After days of news about hate crimes purportedly committed by white supremacists emboldened by the 2016 U.S. elections, President-elect Donald Trump is seeking to downplay his campaign's appeal to white nationalists.
In a transcript of an interview with the New York Times published on 23 November 2016, executive editor Dean Baquet makes reference to the National Policy Institute (NPI) conference in Washington D.C., during which members of the group could be seen raising their arms in a Nazi-like salute.
Without mentioning NPI by name, Trump said:
First of all, I don't want to energize the group. I'm not looking to energize them. I don't want to energize the group, and I disavow the group. They, again, I don't know if it's reporting or whatever. I don't know where they were four years ago, and where they were for Romney and McCain and all of the other people that ran, so I just don't know, I had nothing to compare it to.
But it's not a group I want to energize, and if they are energized I want to look into it and find out why.
What we do want to do is we want to bring the country together, because the country is very, very divided, and that's one thing I did see, big league. It's very, very divided, and I'm going to work very hard to bring the country together.
Several neo-Nazi and white supremacist groups have gone on record expressing their support for Trump during his run for the presidency, with some, like American Renaissance publisher Jared Taylor, citing Trump's immigration policy as a reason:
Why should whites want to be a minority? Answer me that question. Why should we want to celebrate diversity when celebrating diversity means celebrating our dwindling numbers and influence? And to the extent that Trump succeeds in putting the brakes on immigration, he will also be succeeding at reducing the speed with which whites are reduced to a minority.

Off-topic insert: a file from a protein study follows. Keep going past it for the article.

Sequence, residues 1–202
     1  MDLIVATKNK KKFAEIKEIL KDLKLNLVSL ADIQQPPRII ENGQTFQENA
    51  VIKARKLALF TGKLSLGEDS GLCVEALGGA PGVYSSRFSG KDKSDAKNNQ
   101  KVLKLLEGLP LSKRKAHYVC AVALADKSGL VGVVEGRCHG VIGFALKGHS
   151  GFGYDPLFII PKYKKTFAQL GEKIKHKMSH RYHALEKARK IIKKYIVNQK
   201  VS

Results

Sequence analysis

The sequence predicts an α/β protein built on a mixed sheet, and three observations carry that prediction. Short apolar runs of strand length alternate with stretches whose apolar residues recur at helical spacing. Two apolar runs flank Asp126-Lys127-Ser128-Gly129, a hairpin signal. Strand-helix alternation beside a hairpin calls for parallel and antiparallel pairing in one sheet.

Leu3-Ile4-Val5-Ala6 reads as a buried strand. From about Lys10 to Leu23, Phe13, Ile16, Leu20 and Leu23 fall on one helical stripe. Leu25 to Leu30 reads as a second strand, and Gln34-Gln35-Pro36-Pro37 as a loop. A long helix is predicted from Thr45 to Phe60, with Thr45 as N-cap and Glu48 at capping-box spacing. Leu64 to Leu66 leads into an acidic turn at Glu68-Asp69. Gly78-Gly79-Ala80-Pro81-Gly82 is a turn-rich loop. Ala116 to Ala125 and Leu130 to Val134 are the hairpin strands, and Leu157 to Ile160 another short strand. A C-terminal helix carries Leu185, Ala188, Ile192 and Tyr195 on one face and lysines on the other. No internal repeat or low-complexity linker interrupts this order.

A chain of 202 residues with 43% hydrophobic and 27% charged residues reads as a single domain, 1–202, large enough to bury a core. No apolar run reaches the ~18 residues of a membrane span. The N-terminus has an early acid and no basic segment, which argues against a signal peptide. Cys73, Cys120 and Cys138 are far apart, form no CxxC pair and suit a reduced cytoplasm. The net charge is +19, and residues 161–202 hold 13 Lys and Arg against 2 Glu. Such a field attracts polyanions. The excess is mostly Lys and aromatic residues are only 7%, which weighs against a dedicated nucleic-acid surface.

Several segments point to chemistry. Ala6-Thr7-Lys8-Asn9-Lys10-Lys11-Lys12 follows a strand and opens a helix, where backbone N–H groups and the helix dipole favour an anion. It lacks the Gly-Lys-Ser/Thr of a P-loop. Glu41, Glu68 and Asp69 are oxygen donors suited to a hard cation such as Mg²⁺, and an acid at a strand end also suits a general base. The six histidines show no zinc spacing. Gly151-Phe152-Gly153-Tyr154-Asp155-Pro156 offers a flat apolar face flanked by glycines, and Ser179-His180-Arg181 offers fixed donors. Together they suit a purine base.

During the interview, Trump also tried to minimize the connection between his proposed chief strategist, former Breitbart Media chairman Steve Bannon, and the white nationalist movement, which has tried to rebrand itself under the name "alt-right":
Um, I've known Steve Bannon a long time. If I thought he was a racist, or alt-right, or any of the things that we can, you know, the terms we can use, I wouldn't even think about hiring him. First of all, I'm the one that makes the decision, not Steve Bannon or anybody else. And Kellyanne [Conway] will tell you that.
I'll tell you what, I know him very well. I will say this, and I will say this, if I thought that strongly, if I thought that he was doing anything, or had any ideas that were different than the ideas that you would think, I would ask him very politely to leave. But in the meantime, I think he's been treated very unfairly.
However, Bannon himself told Mother Jones during the 2016 Republican National Convention that the site was "the platform for the alt-right."